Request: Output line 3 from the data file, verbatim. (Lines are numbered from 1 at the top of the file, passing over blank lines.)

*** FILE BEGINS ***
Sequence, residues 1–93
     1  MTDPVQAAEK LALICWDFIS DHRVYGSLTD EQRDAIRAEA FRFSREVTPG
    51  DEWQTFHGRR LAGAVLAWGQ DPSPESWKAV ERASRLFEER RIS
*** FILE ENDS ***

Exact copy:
    51  DEWQTFHGRR LAGAVLAWGQ DPSPESWKAV ERASRLFEER RIS